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Moving beyond individual performance

From the Director of Health Studies For nearly thirty years I have been a fan of the Boston Celtics basketball team.  They are the American National Basketball Association’s most successful team.  In the history of the NBA, no other team has won more Championships.  According to basketball writer, Bethlehem Shoals (2010), the Celtics teams that won sixteen titles between 1957 and 1986 did so with an “almost dismissive attitude toward individual glory”.  These teams had great individual players, any one of whom on any given night was capable of (and often delivered) an outstanding individual performance.  In the main though, the strength of these teams came from a wonderful intermingling of player and team identity.  It seems that the Celtics then lost sight of this, as their most recent (and seventeenth) title came in 2008, twenty-two years after their last. This 2008 Championship was on my mind over the Christmas break because I was reading Top of…

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Helping our girls to achieve their full personal potential

From the Head of Griffith House and Year 9 Coordinator At School Assembly last week, Dr Bell spoke to the girls about the importance of eating healthy food, engaging in regular exercise and gaining adequate sleep. She encouraged the girls to practise the habit of consuming nutritious food with the consumption of less healthy “treats” occurring only occasionally. The subject of eating a balanced diet to maintain strong physical health is very topical at the moment with various media reports exploring the disturbing possibility that the current generation of teenagers will not live as long as their parents.  In The Weekend Australian, February 12-13 2011, an article by Alexander Gambotto-Burke entitled “Mum’s the word on obese kids” featured the work of Flinders University senior lecturer and dietitian, Anthea Magarey.  Magarey heads the Parenting, Eating and Activities for Child Health programme, known as PEACH, designed to engage parents of younger children in making healthy lifestyle changes to…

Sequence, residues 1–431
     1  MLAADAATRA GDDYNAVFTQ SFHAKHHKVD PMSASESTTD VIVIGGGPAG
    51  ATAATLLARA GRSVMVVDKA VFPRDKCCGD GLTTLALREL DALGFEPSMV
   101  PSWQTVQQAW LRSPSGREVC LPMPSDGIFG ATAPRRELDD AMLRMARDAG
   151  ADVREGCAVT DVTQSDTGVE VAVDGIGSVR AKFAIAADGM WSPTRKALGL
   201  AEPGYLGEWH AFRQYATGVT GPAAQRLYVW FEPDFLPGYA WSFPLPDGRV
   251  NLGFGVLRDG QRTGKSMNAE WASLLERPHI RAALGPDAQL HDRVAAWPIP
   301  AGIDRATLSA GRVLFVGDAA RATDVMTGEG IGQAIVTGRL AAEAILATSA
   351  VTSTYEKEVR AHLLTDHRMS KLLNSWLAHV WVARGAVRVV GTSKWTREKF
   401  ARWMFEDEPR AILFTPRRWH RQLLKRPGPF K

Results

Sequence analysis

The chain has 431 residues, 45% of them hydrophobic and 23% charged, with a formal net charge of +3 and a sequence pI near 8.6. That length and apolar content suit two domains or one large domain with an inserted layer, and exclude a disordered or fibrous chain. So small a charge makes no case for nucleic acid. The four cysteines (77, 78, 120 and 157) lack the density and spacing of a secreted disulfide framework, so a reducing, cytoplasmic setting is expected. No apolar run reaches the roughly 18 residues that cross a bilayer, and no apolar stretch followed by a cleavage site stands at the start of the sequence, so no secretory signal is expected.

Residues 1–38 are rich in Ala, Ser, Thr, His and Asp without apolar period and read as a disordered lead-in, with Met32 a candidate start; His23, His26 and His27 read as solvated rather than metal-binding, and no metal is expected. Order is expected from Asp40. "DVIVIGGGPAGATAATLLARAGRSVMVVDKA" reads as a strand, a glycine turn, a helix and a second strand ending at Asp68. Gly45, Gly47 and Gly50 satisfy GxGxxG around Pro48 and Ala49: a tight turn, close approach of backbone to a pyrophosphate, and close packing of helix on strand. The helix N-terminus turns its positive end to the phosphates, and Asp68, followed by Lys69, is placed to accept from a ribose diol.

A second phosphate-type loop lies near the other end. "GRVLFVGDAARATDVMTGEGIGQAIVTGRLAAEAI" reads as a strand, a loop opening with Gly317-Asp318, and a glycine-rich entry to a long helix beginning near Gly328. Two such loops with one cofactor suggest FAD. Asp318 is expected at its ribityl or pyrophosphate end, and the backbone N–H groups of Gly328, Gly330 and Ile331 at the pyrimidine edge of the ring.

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Starting Well at Girls Grammar

It has been a torrid start to 2011 with floods, cyclones and humid weather but hopefully the start of secondary school has been a little breezier for our Year Eights. The sight of new Grammar girls with crisp white shirts, shining shoes and eager faces is always heart- warming and after three weeks that bright exterior may even be matched with a more confident interior. We should not underestimate however, the challenges that our Year Eights face as they embark upon the next phase of their educational journey.

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Leadership: commitment to the School and the community

From the Assistant Dean God be in my head, And in my understanding; God be in mine eyes, And in my looking; God be in my mouth And in my speaking; God be in my heart, And in my thinking. God be at mine end, And at my departing. Amen. This hymn was chosen to be sung at the Prefects’ Induction forty years ago in 1971 and at many other induction ceremonies that followed. This choice of music, often sung by a choir, highlights many significant qualities demanded of those in leadership roles: wisdom, integrity, empathy and open-mindedness. The 1971 Prefects also took a pledge to the School: I resolve to undertake the responsible duties of a Prefect, to uphold in every way the honour of the School, by my own actions to set a good example, and, to maintain the order and discipline of the School. This pledge was slightly shorter, but with similar intent, to…

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Our Country

The date of January 26 was chosen for Australia Day as a commemoration of the landing of the First Fleet in Port Jackson in 1788. However, in modern Australia, we take this time to reflect on some of the qualities that make our country such a special, wonderful place. And seldom has there been a greater demonstration than in these last few weeks, of the worst, and the very best, of Australia.